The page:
practice of media theory as it occurs on the internet. On nettime, for
example. There are occasional, high profile attempts to see netcritique as
a binary or dialectical process, as the negation of cyberhype,
transcendence, the "California ideology." This is critiqued as a false
representation, and found wanting according to a true ideal. But it seems
to me that this is the least useful aspect of emergent net-based media
theory. It seems to me to be the aspect of it still tied most uncritically
to imperial desires, no matter how unconscious. I oscillate between
indifference and annoyance about them. 

But what flows through the cracks in netcritique is something else. A new,
positive, productive and connective creativity. New perceptions and new
conceptions of those perceptions. An improvised discourse. Just as the
18th century enlightenment was shaped by the milieu of inter-European
trade and communication, so too a new milieu struggles to emerge, and one
which is potentially even more spatially and temporally diverse. There are
not only new spaces, but new speeds. But they struggle to escape from the
unthought part of a past enlightenment, and in particular the unthought
participation in imperial power of the information vector and the
discourses that legitimate it. 

I started by suggesting there was something specific about a milieu that
lacks an imperial confidence, and that working and thinking in Australia
was just such a milieu. But I am sure there are many others. The potential
is with us now to start breaking up the massified blocks into which
specific milieux had congealed, particularly in the broadcast age. But
this has to be seen from the peripheral as well as the imperial and
metropolitan point of view. The desire on the part of News Corporation to
break down national spaces is clear, Its about getting in behind the
partition and extracting value out of putting a vector into such spaces
from without. But from the peripheral point of view, the desire is quite
different. Its rather to break open imperial milieux and expose the
differences lurking within them. 

Strange as it may seem, I agree with the analysis of both Richard Barbrook
and 'Luther Blissett', as incompatible as they may seem. Barbrook has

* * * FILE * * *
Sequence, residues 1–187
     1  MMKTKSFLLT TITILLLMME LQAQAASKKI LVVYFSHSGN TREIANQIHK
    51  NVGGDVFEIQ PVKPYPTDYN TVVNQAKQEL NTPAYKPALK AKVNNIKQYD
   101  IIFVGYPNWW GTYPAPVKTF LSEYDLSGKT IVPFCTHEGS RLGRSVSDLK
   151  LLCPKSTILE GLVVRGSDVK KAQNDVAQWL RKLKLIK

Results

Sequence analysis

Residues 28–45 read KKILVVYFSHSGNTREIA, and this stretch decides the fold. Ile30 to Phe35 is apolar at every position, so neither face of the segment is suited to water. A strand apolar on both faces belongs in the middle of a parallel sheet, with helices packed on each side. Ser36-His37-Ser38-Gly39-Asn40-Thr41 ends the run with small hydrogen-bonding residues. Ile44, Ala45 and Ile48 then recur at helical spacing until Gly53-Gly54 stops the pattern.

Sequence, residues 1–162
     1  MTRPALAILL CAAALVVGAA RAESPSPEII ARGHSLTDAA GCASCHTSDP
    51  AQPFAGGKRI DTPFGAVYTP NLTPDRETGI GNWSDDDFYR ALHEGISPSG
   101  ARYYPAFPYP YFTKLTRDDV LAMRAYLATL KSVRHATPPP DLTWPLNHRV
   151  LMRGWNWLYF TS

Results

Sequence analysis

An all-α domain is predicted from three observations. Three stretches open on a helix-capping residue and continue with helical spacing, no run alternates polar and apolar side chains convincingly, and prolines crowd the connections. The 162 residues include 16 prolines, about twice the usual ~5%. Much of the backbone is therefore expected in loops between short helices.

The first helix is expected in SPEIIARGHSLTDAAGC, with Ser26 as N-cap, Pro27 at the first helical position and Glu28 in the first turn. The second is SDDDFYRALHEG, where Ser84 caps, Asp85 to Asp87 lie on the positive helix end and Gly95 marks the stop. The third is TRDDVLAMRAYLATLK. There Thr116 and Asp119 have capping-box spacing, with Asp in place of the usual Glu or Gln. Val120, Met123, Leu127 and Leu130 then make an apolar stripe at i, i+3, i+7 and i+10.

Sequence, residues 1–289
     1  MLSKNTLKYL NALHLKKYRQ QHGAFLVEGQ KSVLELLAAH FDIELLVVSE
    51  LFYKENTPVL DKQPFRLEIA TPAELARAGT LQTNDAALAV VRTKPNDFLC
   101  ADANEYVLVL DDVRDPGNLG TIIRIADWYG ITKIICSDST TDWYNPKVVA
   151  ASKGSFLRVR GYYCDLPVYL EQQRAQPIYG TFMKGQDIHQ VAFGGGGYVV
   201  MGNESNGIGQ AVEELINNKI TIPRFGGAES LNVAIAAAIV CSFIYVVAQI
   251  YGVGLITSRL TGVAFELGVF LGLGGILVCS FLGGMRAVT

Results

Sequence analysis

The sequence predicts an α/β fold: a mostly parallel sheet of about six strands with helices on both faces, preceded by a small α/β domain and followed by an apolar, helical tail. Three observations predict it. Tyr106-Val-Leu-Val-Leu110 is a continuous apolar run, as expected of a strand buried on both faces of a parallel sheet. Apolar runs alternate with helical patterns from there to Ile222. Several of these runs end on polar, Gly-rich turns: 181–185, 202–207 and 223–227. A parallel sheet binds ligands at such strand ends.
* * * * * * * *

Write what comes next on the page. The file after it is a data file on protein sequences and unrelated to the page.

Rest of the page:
attacked versions of Deleuze's thought that would read it as a restatement
of critical idealism, where the rhizome occupies the same place as an
ideal concept that the public sphere occupies in a more classical
formulation of media-metaphysical desire. Luther Blissert has thought its
way out of the Marxist version of critique, into a more productive concept
of the virtuality of communication. Of course the language Barbrook and
Blissert use are poles apart, but nothing much of a productive nature
emerges from trying to read them as occupying the same milieu, some kind
of pan-European theory-wonderland. They are local and contingent
expressions of a way out of critique that operate in different milieu, but
as yet have little to say to each other -- or perhaps to anyone else,
other than as instances of a virtuality of media theory, tow ! coordinates
of an unknown map of possible ways of making a difference. I suspect that
there might be a way to go back and more creatively reread some of the
American work here too. Not as the big bad other of critique, but as local
and contingent strategies within an particular milieu. 

So this is my 'southern oscillation index', my sense of ambivalence about
a project of constructing a new space for net theory, but which I think
has to look also at the skew of the old spaces, out of which it might
potentially grow. The southern oscillation index, for those from the
north, is the weather pattern over the Pacific which determines which side
of the South Pacific the rain will fall on -- South America or
Australasia. But I think its a nice image of peripheral sensibility,
wavering between participation and indifference to the remaking of the
media metaphysics of the North.